Improving tech support

Avi Greenbury avismailinglistaccount at
Thu Jan 7 11:44:00 UTC 2010

Cyborg Alpha wrote:

> Avi Greenbury wrote:
> > Cyborg Alpha wrote:
> > If you're having an issue with Linux step 2 should be to reinstall
> > it? One of the wonderful things about Linux is how easy it is to
> > just fix what's broken, without having to nuke it and start again.
> >   
> I've done that - but I've found re-installing is sometimes better.
> With a properly backed up system, re-installation is relatively easy.

No-one backs up their systems properly enough that reinstallation is a
matter-of-course fix. And if you fix the problem, you generally learn
how to avoid it in the future. If you don't fix the problem, you might
well decide to do The Right Thing and file a bug so other people don't
run into the same issue.
Sure *sometimes* a reinstall is the easiest way to fix something, or at
least the quickest. But it very often isn't, and it's certainly not
something I'd be suggesting as a thing to try before seeking support.

I mean, we're on a Ubuntu mailing list here, surely at some point
before destroying everything you'd suggest seeing if a LiveCD suffers
the same problem?

> > This is not tech support, this is foisting your choice upon other
> > people. Some people do need to maintain a Windows install, others
> > like it for the safety net of something they can go back to.
> > Also, having a second OS to boot into is useful for deciding
> > whether an odd problem is hardware or software related, especially
> > if the two OSs are completely different (two Linuxen or even one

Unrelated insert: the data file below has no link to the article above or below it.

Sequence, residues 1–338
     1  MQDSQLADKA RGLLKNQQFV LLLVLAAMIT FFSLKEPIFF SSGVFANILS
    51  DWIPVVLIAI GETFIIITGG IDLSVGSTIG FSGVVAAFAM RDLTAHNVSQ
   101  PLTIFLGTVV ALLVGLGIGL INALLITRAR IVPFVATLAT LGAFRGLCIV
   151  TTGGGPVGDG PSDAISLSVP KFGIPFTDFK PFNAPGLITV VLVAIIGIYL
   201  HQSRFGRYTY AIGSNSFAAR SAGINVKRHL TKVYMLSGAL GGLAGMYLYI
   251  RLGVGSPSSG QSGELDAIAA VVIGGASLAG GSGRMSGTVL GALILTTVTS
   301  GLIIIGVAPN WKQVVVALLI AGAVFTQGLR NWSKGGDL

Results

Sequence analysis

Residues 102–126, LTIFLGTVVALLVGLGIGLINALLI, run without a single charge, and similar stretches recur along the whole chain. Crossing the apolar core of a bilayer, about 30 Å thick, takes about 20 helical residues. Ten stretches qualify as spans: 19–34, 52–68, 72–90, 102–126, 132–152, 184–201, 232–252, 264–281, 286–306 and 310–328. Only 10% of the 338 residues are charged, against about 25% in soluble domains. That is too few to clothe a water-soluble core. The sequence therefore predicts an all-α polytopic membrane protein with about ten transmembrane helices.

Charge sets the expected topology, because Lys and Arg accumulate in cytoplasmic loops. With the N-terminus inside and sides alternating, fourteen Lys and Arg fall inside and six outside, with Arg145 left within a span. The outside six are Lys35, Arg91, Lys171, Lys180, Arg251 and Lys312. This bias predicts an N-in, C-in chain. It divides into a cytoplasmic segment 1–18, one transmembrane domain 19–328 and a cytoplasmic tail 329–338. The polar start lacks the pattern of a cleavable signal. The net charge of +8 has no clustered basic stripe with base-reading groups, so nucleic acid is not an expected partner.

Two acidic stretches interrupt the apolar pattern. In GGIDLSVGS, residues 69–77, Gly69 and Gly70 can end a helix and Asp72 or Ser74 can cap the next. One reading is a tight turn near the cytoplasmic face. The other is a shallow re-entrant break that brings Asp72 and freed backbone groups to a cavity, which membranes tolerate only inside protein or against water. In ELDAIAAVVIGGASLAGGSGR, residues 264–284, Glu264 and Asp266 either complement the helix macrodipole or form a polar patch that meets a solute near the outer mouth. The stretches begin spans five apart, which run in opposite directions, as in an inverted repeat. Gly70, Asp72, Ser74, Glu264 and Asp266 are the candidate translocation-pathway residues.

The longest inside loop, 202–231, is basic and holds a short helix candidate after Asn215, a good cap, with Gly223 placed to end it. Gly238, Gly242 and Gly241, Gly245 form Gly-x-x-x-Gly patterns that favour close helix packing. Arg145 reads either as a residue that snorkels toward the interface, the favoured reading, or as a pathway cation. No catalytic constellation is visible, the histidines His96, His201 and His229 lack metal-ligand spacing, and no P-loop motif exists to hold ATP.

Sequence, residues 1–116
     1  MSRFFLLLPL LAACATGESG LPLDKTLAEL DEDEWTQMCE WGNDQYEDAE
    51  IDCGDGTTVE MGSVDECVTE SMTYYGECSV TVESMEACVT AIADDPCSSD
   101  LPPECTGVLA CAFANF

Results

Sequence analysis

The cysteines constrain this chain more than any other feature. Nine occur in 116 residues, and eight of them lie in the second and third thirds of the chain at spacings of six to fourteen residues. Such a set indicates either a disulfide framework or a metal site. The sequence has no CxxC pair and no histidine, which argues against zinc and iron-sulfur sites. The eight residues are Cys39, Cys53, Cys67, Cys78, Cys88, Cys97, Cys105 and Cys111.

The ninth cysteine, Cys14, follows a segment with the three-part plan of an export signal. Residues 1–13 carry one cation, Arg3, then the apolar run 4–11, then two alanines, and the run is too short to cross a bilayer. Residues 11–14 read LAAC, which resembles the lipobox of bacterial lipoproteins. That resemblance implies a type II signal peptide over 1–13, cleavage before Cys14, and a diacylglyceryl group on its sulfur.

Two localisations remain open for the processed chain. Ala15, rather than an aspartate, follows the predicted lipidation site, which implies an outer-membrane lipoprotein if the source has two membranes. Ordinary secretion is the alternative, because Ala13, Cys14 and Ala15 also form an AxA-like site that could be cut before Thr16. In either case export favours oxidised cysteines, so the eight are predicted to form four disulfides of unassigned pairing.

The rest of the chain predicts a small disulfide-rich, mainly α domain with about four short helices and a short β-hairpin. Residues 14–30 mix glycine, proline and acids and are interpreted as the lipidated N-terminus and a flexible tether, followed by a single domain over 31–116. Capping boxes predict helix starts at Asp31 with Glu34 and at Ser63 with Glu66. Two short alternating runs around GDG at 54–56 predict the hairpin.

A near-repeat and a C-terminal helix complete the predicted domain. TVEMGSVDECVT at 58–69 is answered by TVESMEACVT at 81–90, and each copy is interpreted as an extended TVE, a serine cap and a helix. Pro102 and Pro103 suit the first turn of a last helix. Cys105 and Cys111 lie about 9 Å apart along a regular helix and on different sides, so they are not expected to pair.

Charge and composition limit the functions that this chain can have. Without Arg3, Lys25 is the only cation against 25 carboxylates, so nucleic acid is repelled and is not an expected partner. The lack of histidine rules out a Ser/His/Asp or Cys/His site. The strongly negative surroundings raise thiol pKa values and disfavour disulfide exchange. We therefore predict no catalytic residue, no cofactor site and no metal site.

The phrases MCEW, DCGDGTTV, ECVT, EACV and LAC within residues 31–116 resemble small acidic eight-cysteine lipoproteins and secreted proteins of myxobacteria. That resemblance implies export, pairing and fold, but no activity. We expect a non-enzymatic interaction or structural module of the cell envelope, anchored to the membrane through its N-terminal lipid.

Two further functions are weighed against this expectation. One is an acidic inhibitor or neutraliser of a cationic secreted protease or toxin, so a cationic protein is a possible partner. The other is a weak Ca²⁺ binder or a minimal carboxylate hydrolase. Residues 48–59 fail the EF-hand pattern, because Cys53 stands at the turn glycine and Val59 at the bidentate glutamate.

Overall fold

> > Linux and one BSD are likely to share a big chunk of code).
> >
> >   
> I'm not arguing the merits of OS, simply stating that it's possible
> to configure linux in such a manner to eliminate the need for
> windows.

That's an incredibly bold statement to make, and is often incorrect.
For example, I need Exchange support for work, I therefore need to
maintain a Windows install. Evolution doesn't cut it.
Some people need to use AutoCAD for work, or just like playing computer
games on their PC that don't work under Linux (CoD for example). Maybe
they share their PC with someone who doesn't want to use/try Linux, or,
as I said above, maybe they want the safety net of something they know
and can boot into when they're stuck with Linux. I have a similar
arrangement here - I work on Windows, but keep a Linux box handy for
when I don't know how to do something in Windows and don't have the
time to find out.

Though I do find it an odd concept that it is the Windows install that
is breaking Linux. I can't see how this would be the case, and if it is
I'd suggest it's something very wrong with the way dual boot
environments are configured by default.

And what if the Linux is dual-booting with another OS? OSX or another
nixy flavour, say? Would that still require removing everything that's
not Linux?

> As for tech support, when trouble shooting, it's sometimes
> necessary to have a comparison (independent) between two
> configurations. Dual boot does not allow for this. Boot options
> should only be added once single configuration are working, and it's
> understood that the issues are dual (or multiple) boot issues.

Dual boot does allow for a comparison of two configurations, that's
what dual (or multi-) boot is.
The Windows install, generally, was working fine before the Linux
install was added to create a dual boot environment. So we do generally
have someone who has waited for the single configuration to work, and
then added a Linux.

> I've seen it enough that I've begun tracking it.

Out of interest, what were the problems? I maintain several dual boot
boxes, it'd be handy to know what the symptoms are.

Avi Greenbury ;)

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